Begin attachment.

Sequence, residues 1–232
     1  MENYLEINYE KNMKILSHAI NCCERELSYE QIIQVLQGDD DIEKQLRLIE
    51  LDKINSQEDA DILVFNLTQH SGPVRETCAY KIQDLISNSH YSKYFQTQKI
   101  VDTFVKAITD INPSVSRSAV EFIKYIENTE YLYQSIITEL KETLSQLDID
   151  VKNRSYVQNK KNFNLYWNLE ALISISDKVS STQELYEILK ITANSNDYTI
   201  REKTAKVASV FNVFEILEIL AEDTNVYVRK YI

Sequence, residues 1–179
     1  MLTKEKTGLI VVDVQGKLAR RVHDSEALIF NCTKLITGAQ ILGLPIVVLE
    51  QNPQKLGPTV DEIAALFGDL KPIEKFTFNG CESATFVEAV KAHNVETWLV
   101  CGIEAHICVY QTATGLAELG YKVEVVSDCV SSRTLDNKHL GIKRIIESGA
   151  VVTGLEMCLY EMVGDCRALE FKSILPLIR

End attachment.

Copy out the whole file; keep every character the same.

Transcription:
Sequence, residues 1–232
     1  MENYLEINYE KNMKILSHAI NCCERELSYE QIIQVLQGDD DIEKQLRLIE
    51  LDKINSQEDA DILVFNLTQH SGPVRETCAY KIQDLISNSH YSKYFQTQKI
   101  VDTFVKAITD INPSVSRSAV EFIKYIENTE YLYQSIITEL KETLSQLDID
   151  VKNRSYVQNK KNFNLYWNLE ALISISDKVS STQELYEILK ITANSNDYTI
   201  REKTAKVASV FNVFEILEIL AEDTNVYVRK YI

Sequence, residues 1–179
     1  MLTKEKTGLI VVDVQGKLAR RVHDSEALIF NCTKLITGAQ ILGLPIVVLE
    51  QNPQKLGPTV DEIAALFGDL KPIEKFTFNG CESATFVEAV KAHNVETWLV
   101  CGIEAHICVY QTATGLAELG YKVEVVSDCV SSRTLDNKHL GIKRIIESGA
   151  VVTGLEMCLY EMVGDCRALE FKSILPLIR